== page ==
From: malgosia askanas <ma@xxxxxxxxx>
Date: Sat, 8 Mar 1997 14:46:46 -0500 (EST)
> But I think most of us would frown
> upon taking these practices out of art and into social life. Where does
> that frown come from? Do we not take the content of these transgressions
> seriously? Are they "just" figurative? Or do we harbor some secret and
> unanalyzed humanism, some set of moral principles, despite it all?
My perception of Foucault, and also Deleuze, is that they assume a vast
common ground, a "plane of consistency" between themselves and the reader.
This common ground already contains things such as finding the Protocols
of the Elders of Zion unenlightning and not finding infant sacrifice a
desirable social practice. After all, these books are written by leftist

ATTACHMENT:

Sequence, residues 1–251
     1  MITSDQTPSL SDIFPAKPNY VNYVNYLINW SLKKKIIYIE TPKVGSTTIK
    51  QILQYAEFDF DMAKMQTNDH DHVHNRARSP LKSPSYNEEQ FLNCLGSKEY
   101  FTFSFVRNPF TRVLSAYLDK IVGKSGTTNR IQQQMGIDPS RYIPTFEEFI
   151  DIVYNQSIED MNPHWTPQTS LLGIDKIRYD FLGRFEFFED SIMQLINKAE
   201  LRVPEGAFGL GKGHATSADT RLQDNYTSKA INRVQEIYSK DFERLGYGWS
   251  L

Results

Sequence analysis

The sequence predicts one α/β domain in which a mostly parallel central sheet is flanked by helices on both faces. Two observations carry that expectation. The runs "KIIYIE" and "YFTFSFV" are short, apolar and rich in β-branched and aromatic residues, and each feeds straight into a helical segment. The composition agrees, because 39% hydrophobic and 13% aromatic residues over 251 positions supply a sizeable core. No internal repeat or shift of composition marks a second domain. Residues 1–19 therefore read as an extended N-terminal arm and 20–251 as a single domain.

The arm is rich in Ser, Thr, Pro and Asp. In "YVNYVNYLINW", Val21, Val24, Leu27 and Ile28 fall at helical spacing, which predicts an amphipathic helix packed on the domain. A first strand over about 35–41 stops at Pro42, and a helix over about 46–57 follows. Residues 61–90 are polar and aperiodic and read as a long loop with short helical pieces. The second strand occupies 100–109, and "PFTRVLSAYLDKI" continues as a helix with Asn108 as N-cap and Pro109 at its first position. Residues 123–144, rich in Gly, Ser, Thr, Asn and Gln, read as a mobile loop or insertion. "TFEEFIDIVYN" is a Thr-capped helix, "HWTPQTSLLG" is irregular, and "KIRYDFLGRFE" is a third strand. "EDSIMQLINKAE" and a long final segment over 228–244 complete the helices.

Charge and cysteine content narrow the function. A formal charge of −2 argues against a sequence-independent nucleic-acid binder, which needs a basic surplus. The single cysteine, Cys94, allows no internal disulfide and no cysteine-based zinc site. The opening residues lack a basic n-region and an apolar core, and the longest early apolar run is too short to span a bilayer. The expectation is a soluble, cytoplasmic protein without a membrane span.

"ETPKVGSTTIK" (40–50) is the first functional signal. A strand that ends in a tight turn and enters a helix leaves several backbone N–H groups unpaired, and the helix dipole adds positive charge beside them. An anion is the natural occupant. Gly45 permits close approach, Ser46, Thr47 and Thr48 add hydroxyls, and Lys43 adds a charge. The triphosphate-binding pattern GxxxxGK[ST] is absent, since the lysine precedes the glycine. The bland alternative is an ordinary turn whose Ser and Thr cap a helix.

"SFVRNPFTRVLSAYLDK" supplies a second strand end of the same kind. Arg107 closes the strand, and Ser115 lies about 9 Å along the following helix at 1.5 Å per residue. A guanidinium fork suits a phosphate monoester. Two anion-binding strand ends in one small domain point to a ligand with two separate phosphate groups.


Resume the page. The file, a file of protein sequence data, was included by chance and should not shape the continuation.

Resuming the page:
Western intellectuals for an audience of leftist Western intellectuals.
I don't think that the point is that we should get rid of our moral
revulsions; rather, that we need to learn to trust those revulsions without
legitimizing them as "humanist tenets" or other such. I think the idea
of creating one's self as a work of art that Steve D'Arcy mentioned is
very relevant here. The "trust" is very similar to one's attitude
towards oneself when one is in the process of making art -- or in fact,
when one is emersed in any creative process. It might be that there are
rules in art, but art is not made from a rulebook; it is made by listening
to one's own aesthetic -- which is not to say that one's own aesthetic
is not shaped by one's culture and the internalization of its rules.
What is needed is a combination of questioning and trust; as friend of
mine says, a "porous equilibrium".